Why Talking to Myself like a Weirdo Makes me a Better Writer

Posted by Eric Jensen on

By Elizabeth Passarella 

If you passed me walking on the street in New York City, where I live, before the pandemic necessitated me wearing a mask, you'd probably see my mouth moving. Should you happen to pull up next to me at a stop light while driving, and you glanced over, I'd be gesticulating energetically while telling a story to... no one. My husband hears me chit chatting with myself from the other room all day long. I say I'm writing.

Editors have often told me that I'm fast. It's a lovely compliment. It's not really true. Once I sit down to write an article or chapter of a book, yes, I'm pretty quick. I write terrible first drafts, like every writer, and I revise, and occasionally I fuss with an opening paragraph for a week and never get it right. But for the most part, even when I'm in the middle of something that's not great, I know where it's going, because I've talked through it. At the library where I work, I will stop writing at times and walk around to tell myself the story in my head. If I'm at home, you'll see me picking at my face in the bathroom mirror, earnestly chuckling at my reflection because I've just landed on a funny part. 

I have been talking to myself like this long before I was a professional writer. In high school, if I were on my way to a party, I'd spend the car ride rehearsing a story I wanted to tell. My friends have all caught me laughing quietly to myself while getting dressed or coming out of the bathroom as I work out the kinks. I'm not making anything up, just eliminating unnecessary details and finding the punchiest way to end the story. I do the same now, except instead of performing the story live to a room full of teenagers in the end, I type it into my computer. 


My own mother talks to herself, usually about what she's packing for a trip or the next steps in a recipe. She's not working out a book. But it's kind of the same thing; she is organizing, putting movements or items in their proper order, making smooth whatever unruly task she's about to do. 


Because my book launched this month—January—and so many of us are re-evaluating our schedules and buying fresh planners, I get a lot of questions about productivity. So I thought I'd be honest. Productivity in my world looks like me:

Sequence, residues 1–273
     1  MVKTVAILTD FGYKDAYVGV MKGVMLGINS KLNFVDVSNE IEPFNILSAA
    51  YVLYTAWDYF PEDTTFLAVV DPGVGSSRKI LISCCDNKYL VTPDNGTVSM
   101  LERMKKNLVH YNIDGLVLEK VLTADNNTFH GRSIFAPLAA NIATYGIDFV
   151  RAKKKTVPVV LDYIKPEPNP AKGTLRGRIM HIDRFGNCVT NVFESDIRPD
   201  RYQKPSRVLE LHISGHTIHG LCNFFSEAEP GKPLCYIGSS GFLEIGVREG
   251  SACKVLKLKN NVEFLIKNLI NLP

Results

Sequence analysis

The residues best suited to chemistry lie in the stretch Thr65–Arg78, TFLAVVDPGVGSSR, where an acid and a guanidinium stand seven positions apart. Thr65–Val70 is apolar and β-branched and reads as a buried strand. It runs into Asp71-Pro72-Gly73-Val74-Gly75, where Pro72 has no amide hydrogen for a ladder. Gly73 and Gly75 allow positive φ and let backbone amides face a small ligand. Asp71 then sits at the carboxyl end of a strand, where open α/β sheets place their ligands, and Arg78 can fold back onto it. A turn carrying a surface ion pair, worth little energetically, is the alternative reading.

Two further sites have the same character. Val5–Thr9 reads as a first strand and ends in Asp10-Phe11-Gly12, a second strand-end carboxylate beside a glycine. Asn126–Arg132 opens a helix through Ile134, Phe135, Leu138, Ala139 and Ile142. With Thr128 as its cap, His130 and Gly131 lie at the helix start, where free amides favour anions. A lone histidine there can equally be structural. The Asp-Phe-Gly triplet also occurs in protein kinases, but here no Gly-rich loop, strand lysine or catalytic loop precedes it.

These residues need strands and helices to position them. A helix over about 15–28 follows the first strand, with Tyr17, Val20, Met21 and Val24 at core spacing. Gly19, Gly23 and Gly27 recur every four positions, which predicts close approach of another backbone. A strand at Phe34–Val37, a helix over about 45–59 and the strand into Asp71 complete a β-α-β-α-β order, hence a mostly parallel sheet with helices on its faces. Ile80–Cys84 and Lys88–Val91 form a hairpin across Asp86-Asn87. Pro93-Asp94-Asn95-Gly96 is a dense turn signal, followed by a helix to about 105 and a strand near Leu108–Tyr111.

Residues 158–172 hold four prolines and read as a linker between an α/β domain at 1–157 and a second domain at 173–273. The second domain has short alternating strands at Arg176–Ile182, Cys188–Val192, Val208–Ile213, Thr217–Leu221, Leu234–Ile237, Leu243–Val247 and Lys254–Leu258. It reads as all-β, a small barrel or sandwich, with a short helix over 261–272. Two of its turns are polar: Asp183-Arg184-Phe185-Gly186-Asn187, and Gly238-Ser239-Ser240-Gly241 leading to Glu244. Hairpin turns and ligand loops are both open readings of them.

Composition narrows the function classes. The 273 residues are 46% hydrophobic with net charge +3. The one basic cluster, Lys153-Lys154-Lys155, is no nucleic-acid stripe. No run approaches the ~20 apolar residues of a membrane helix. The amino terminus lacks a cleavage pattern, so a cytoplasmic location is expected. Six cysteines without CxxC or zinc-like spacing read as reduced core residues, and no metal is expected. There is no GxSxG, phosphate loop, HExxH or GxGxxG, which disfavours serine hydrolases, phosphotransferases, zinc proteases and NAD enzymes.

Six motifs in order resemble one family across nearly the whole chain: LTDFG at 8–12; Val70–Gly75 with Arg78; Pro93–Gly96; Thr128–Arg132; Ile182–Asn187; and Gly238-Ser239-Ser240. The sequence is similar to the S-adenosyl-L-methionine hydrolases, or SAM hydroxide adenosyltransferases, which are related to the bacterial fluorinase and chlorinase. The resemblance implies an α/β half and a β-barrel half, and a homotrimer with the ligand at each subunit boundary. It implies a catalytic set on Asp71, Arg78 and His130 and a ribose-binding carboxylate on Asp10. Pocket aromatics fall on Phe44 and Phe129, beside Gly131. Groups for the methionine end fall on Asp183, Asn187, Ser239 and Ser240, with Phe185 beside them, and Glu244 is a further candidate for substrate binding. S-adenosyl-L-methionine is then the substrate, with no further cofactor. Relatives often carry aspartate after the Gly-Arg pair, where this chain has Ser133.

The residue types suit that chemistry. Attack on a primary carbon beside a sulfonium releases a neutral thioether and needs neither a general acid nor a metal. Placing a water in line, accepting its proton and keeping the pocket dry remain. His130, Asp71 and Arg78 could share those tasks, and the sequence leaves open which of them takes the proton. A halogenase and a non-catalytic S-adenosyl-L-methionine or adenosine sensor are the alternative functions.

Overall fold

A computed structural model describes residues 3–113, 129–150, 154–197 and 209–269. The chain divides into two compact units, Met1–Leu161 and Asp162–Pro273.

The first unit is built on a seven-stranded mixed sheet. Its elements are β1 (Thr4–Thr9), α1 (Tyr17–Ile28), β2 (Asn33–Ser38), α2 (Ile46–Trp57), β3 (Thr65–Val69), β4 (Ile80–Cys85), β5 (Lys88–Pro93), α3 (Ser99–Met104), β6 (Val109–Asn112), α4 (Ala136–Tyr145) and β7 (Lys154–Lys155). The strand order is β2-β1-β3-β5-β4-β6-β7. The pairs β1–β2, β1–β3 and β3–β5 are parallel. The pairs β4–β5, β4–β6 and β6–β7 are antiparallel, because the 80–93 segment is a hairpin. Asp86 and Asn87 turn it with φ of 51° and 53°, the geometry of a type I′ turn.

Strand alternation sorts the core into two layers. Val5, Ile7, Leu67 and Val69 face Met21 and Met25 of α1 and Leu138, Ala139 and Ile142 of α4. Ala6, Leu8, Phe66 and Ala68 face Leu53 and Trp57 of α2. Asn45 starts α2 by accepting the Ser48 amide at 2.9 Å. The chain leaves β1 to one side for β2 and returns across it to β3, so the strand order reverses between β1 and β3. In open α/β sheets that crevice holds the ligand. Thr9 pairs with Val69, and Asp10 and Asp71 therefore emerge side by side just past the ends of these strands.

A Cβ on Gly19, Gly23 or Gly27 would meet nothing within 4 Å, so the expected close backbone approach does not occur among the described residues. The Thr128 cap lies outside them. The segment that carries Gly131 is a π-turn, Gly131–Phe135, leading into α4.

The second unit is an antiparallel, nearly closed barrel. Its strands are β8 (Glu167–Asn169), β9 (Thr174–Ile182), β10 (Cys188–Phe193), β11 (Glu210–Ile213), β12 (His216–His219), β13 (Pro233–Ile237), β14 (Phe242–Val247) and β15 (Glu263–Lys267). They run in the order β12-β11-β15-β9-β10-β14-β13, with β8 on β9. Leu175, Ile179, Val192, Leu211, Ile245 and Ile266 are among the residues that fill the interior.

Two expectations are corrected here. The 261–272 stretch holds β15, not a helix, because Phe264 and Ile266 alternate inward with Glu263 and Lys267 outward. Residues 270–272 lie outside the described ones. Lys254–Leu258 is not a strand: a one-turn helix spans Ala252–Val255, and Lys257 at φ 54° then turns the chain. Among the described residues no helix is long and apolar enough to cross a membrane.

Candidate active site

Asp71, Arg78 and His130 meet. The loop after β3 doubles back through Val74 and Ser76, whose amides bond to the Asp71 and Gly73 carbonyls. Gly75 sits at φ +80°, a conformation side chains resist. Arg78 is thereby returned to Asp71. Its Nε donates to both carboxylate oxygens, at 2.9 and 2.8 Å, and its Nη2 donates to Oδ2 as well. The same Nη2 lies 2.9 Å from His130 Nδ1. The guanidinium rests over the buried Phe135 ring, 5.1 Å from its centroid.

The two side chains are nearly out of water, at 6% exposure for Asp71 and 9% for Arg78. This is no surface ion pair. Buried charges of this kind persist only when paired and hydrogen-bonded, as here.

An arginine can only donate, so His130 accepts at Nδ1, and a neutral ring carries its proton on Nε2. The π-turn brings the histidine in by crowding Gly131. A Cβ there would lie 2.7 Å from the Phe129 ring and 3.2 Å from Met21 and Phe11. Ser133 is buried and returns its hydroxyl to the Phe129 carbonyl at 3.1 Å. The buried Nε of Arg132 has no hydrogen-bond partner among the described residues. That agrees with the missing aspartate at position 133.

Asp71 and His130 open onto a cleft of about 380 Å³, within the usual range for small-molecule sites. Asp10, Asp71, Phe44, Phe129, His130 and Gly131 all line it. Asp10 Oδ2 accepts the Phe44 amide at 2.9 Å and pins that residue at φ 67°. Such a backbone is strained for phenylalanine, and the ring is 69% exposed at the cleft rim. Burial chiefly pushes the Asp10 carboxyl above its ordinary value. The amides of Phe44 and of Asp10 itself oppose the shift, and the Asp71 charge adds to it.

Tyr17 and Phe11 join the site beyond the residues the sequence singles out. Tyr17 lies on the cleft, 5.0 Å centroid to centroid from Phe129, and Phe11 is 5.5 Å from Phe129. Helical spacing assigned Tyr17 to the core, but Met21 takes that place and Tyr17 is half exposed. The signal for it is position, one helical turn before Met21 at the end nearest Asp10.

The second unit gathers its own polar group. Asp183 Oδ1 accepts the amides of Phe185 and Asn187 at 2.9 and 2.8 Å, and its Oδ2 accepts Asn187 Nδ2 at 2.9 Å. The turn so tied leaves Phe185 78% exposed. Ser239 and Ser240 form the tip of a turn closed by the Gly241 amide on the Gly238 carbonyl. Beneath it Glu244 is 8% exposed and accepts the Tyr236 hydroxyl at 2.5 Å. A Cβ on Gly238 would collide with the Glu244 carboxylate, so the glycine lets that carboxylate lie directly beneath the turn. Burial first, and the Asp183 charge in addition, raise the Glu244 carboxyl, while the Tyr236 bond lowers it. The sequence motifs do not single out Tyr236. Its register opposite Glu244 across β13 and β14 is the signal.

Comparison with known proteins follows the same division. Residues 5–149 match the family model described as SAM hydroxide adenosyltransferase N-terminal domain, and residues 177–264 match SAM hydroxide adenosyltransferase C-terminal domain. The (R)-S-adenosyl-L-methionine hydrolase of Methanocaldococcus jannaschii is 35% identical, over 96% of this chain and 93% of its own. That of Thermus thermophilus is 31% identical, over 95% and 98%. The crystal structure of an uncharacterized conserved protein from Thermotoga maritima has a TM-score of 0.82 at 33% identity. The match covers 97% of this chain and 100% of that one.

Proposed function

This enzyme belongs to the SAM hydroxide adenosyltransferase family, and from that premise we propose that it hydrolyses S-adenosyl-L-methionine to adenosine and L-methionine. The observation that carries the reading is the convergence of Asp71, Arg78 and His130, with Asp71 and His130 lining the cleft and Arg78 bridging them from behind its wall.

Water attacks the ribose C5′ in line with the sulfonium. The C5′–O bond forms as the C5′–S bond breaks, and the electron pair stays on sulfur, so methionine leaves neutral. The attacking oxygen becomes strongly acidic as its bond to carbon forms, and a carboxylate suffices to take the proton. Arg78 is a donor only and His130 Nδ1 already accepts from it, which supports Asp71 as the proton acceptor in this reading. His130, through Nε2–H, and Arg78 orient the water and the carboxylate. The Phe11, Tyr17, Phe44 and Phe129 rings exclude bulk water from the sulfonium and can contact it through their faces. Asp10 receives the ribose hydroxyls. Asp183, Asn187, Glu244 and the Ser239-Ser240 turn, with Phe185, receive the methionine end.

-Staring into space while talking to myself.

-Folding laundry while talking to myself. 

-Eating cold leftovers straight from the refrigerator while talking to myself (with my mouth full).

-Looking at my phone, then talking to myself about how that's not helping. 


I still spend hours writing and rewriting—figuring out certain word choices requires seeing them on a page—but I'll say this: if you are aiming for humorous storytelling, which is my bread and butter, mumbling it to yourself in the grocery checkout line can't hurt. I know plenty of authors who, at the very least, find it edifying to read their finished chapters out loud. You'll find places where you've jumped too far from one point to the next or where a turn of phrase is going to land like a turd in a reader's mind.  

A few years ago, I was on the subway on my way home from running errands. Across the aisle from me, a woman sat wearing a bright red scarf and mittens, which attracted a fair amount of attention, because she was waving her hands around while talking to herself. Whatever story she was telling was dramatic. She rolled her eyes and cocked her head, mouthing things at other passengers, to the point that I was sure she was having a two-sided conversation with someone else, but nope. The subway car was crowded, and eventually, people started staring and snickering at her. I'll admit, I did, too. But that wasn't fair. How do I know she wasn't just working out plot points? You don't always get to choose the location when inspiration strikes. I hope Subway Lady's great American novel has been a huge hit. 

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